The Different Types of Power Cords
Consumer electronics, information technology equipment, and outdoor applications all make use of power cords. These cords are designed for safe use in outdoor or hazardous locations. They are made with polyvinyl chloride (PVC), a material that is largely impacted by environmental regulations around the world. Regardless of where they are used, it is important to check for REACH and RoHS declarations from manufacturers. A receptacle or plug that has a molded strain relief shroud or solid brass blades will indicate a cord has been made with the latest environmental standards.
The power cords that connect appliances to the main electrical supply line are known as line cords. Their ends plug into wall sockets, wall extension boards, or appliance receptacles. A power cord is important for battery-backed appliances or those that require connection to the main electrical supply line. The electrical current is either alternating or direct. The electrical connectors at the other end of the cord are usually insulated l1430 with a conductive material.
Power cords that meet the standards of the National Electrical Manufacturers Association (NEMA) are the most commonly used in North America. They have an amperage range of 15-60 and a voltage range of 125-600 volts. Each type of plug is designated based on these specifications, making it easier to select the correct cord for your appliance. The NEMA standards include a number of important characteristics that make power cords safe to use.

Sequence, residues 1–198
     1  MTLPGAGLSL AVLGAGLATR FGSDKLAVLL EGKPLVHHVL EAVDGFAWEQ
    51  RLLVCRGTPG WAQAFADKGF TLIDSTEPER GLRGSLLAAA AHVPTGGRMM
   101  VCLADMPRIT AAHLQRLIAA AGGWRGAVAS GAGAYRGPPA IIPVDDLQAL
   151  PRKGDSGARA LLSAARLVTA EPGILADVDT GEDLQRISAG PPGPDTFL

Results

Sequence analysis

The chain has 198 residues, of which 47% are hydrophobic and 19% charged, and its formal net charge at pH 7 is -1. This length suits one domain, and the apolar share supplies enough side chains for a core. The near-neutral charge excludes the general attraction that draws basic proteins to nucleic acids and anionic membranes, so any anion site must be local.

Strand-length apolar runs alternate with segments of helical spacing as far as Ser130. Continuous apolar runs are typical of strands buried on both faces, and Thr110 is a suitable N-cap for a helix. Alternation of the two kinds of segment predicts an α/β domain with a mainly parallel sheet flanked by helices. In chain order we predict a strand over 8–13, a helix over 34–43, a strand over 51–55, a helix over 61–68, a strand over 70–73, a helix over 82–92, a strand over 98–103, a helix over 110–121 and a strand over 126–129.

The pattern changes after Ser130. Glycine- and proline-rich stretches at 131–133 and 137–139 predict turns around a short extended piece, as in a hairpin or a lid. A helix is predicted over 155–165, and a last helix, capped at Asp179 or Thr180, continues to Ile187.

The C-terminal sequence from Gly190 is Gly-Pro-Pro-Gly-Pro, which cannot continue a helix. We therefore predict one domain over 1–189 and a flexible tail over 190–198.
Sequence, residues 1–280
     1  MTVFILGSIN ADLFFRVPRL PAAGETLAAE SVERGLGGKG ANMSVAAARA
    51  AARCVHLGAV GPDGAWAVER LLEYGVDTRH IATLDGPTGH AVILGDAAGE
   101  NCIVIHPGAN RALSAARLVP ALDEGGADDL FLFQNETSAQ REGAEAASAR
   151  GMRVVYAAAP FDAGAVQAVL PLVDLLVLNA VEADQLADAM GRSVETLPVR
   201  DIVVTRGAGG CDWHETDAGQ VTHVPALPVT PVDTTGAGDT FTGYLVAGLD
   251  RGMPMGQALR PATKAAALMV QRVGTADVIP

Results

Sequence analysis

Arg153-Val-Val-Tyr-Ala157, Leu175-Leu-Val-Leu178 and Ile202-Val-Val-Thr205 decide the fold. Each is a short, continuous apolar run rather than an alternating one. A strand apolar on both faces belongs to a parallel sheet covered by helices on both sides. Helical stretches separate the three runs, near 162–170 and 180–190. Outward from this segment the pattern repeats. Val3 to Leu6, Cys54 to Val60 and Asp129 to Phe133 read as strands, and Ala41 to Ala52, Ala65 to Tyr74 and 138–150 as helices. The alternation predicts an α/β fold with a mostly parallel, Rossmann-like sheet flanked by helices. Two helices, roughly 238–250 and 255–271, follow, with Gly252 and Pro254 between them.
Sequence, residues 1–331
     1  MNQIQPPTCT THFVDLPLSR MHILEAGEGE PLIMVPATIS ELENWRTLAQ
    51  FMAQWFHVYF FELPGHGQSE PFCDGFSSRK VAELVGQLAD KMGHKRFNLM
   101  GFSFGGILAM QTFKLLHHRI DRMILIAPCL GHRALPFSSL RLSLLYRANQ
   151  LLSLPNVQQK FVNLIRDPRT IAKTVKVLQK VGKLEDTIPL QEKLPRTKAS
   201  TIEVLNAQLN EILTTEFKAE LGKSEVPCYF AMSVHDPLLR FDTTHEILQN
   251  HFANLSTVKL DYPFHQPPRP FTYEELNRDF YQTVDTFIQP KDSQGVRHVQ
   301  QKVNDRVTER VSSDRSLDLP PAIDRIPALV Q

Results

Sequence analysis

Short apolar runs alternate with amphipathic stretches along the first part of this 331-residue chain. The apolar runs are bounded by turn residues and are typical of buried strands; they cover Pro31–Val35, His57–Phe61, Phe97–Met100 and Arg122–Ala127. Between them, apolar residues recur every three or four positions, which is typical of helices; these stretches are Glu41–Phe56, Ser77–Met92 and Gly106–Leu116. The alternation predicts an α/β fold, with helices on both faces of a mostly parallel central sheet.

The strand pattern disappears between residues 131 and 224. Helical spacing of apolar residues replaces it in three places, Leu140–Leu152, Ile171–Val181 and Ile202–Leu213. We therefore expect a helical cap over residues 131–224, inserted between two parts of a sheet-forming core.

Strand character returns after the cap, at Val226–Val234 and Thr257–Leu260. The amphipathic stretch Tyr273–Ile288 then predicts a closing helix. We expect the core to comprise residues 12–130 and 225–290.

For example, a C13 power cord is commonly used in computer desktops. Its IEC 60320 standard specifies different types of connectors. Different countries use different standards, but most countries recognize the IEC 60320 standard. Different types of connectors are specified for voltage, current, temperature, and more. For instance, C13 power cords are designed to power computers, monitors, and amplifiers. They are also designed to run high-temperature devices.